This is the third in a series of articles that are designed to help you understand how the Support Debugging Tool works and how you can leverage its different features. In the past, I have described features without explaining how these features can be used and what the differences between different modes is. With this series I hope to remedy that situation.
In the previous articles, we discussed the different Logging Modes of the Support Debugging Tool and how to control Manual Logging Mode. In this article we will discuss the various methods of controlling Automatic Debugger Mode. If you missed the other articles, please have a read: Understanding Support Debugging Tool Logging Modes and Controlling Support Debugging Tool Manual Logging Mode.
Automatic Debugger Mode
Automatic Debugger Mode allows us to capture up to 5 different log types from when the logging is started until a specific event and error condition occurs, providing us the exact details of what happened in the code just prior to the error.
Before we can actually look at how to start Automatic Debugger Mode, we need a quick summary of how to set it up. Automatic Debugger Mode uses one or more Trigger IDs created. These triggers can be created by a third party, such as Microsoft Support or a Partner Consultant and can be imported using the Configuration Export/Import facility or can be created on the system using the Setup Automatic Debugger Mode option from the main Support Debugging Tool window (available from the application level or window level Tools menus, or by pressing Ctrl-D).
Options menu on Support Debugging Tool main window
A trigger is composed of 5 parts:
The process of creating a trigger for use with the Support Debugging Tool requires that each of the 5 parts is configured.
Below is a simple example which will watch the RM_Customer_MSTR (RM00101) table and every time the table is saved, it will check if the 'Hold' field has been selected.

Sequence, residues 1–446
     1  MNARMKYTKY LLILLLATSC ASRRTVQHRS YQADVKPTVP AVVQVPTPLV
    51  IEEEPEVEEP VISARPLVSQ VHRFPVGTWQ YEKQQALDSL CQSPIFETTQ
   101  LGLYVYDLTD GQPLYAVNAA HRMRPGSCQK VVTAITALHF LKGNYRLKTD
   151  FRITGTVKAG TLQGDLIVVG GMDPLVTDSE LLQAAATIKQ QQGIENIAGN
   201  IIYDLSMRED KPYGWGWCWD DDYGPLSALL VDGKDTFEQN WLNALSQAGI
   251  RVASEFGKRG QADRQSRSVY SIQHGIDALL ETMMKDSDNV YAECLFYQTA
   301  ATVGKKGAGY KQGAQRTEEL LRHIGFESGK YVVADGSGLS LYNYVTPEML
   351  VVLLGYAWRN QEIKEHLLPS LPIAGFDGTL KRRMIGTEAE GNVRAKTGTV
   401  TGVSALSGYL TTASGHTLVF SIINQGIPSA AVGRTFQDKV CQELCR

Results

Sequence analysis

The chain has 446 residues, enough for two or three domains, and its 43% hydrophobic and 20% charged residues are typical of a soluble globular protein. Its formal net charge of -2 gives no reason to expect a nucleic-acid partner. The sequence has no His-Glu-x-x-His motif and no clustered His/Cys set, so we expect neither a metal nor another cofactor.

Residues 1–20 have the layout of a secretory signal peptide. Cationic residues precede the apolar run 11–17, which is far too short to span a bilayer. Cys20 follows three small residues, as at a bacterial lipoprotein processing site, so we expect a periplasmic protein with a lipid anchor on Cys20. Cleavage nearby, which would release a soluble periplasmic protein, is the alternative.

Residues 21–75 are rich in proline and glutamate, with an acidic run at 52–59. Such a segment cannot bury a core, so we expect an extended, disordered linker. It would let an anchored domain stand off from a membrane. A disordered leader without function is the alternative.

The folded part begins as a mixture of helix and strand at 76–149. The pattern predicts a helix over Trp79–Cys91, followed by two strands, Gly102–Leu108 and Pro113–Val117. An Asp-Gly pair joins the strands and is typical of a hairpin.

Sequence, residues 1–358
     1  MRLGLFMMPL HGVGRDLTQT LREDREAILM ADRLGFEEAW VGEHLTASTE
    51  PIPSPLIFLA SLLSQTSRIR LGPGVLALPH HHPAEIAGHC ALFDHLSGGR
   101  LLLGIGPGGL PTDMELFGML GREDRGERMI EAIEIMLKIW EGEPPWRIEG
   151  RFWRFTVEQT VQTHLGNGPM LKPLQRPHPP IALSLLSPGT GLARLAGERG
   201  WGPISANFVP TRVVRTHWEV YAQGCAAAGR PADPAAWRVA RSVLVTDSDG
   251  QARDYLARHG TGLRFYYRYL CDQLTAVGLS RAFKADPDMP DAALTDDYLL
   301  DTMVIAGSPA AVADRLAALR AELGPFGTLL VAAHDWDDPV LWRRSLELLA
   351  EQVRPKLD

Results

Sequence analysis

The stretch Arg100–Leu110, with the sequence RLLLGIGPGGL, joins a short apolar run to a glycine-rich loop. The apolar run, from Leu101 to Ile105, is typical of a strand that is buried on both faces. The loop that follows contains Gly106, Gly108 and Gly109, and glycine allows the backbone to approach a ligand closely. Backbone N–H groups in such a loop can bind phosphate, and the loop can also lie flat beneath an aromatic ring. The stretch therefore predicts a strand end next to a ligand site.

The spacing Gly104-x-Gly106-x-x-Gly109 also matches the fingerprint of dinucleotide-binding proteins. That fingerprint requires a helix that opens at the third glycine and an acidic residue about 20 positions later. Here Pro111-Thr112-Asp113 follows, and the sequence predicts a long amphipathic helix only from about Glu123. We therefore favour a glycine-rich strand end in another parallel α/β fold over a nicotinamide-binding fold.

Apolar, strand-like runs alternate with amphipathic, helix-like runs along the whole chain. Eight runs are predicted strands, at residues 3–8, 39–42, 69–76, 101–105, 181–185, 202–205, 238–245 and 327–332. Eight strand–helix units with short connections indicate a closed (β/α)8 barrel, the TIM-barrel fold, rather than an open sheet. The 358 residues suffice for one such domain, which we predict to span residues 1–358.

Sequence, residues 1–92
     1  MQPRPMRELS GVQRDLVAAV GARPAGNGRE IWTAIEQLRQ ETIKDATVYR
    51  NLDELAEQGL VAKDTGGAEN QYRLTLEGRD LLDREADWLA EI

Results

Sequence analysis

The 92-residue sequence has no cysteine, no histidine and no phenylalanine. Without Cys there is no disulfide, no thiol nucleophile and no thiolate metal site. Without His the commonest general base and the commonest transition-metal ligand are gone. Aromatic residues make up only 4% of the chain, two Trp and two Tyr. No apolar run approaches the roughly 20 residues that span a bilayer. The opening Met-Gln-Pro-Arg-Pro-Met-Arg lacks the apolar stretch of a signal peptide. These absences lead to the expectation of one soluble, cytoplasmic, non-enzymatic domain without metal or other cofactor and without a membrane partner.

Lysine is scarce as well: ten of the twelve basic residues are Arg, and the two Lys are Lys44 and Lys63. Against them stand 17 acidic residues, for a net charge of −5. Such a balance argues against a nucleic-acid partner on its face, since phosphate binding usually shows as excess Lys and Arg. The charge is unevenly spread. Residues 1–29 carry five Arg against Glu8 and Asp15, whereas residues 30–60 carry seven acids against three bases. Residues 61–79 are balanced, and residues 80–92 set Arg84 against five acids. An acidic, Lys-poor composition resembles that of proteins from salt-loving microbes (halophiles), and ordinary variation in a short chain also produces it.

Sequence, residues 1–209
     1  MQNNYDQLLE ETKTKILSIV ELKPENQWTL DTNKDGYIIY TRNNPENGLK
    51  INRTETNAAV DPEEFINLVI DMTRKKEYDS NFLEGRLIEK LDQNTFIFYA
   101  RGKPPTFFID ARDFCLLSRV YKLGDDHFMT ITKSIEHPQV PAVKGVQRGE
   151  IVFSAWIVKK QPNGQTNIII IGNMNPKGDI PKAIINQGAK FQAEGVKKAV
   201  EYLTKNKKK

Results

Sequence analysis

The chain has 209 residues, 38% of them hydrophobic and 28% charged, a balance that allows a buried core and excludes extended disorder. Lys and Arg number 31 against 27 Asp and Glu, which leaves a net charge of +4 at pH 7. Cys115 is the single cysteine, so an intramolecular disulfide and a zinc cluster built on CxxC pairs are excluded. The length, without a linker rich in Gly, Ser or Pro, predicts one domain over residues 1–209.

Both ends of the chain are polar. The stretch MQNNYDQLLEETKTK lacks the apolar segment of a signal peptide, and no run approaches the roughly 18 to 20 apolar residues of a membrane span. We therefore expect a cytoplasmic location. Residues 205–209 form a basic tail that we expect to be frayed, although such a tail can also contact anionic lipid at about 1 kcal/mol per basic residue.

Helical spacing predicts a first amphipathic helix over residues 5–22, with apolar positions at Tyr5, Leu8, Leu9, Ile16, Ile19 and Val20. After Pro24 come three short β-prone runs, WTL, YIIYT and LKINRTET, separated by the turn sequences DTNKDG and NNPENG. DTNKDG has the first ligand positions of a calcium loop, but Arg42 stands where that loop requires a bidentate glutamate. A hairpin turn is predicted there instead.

Setup Automatic Debugger Mode window - Resource Tab
If the 'Hold' field has been selected, the Support Debugging Tool will perform the following actions:
Setup Automatic Debugger Mode window - Actions Tab
The script just checks that either a new record has been saved with the 'Hold' field selected, or an existing record has been changed to have the 'Hold' field selected.
Setup Automatic Debugger Mode window - ScriptTab
Finally, the options specify that all logging types should be used and to use the Small SQL Profile Trace mode.
Setup Automatic Debugger Mode window - Options Tab
Now that we have a trigger created and have closed the Support Debugging Tool Setup window, we can look at the different ways to control Automatic Debugger Mode.
Automatic Start at login
Once a trigger has been created and the Start Trigger Automatically on Login option has been selected, it will automatically start next time a user logs into a Microsoft Dynamics GP company.
Manual Start and Stop
Automatic Debugger Mode can be turned on and off from the main Support Debugging Tool window using the Turn On Automatic Debugger Mode button. You can select to start just the Trigger ID: DEFAULT, or all triggers marked as Automatic Start, or all triggers except those marked as Disabled.
Support Debugging Tool main window
Automatic Debugger Mode can stopped by clicking the Turn Off Automatic Debugger Mode button, by using the Stop Logging option on the application level or window level Tools menus, or by the Ctrl-Shift-F10 keyboard shortcut.
Automated Start and Stop
In a situation where you know approximately where the error condition you are looking for occurs, you can limit Automatic Debugger Mode to start and stop automatically either side of that event. In a similar fashion to automatically starting and stopping Manual Logging Mode, you can use two Non-Logging Automatic Debugger Mode triggers to automatically stat and stop an Automatic Debugger Mode trigger.
For example: If you know that the 'Hold' field is changing while the Customer Maintenance window is open, you can restrict Automatic Debugger Mode to run only while the window is open.
The first step is to stop the existing trigger starting automatically, by unchecking the Start Trigger Automatically on Login check box.
Updated original trigger
Then you just need to create a trigger for the start event and use the conditional script to call the MBS_Trigger_Start helper function.
Start trigger Resource settings
Start trigger script using helper function
Then create another trigger for the end event and user the conditional script to call the MBS_Trigger_Stop helper function.
Stop trigger Resource settings
Stop trigger script using helper function
The Debugger Settings XML file for the RM_Customer_Maintenance automated start and stop example are attached as an archive at the bottom of this article.
Automatic Debugger Mode Status window
Again you can see the Support Debugging Tool provides great flexibility in how you use Automatic Debugger Mode.
Posting from Ian Grieve on Azurecurve
This article is definitely not to be missed... One of my favorite topics in SDT - Automatic Debugger Mode :)
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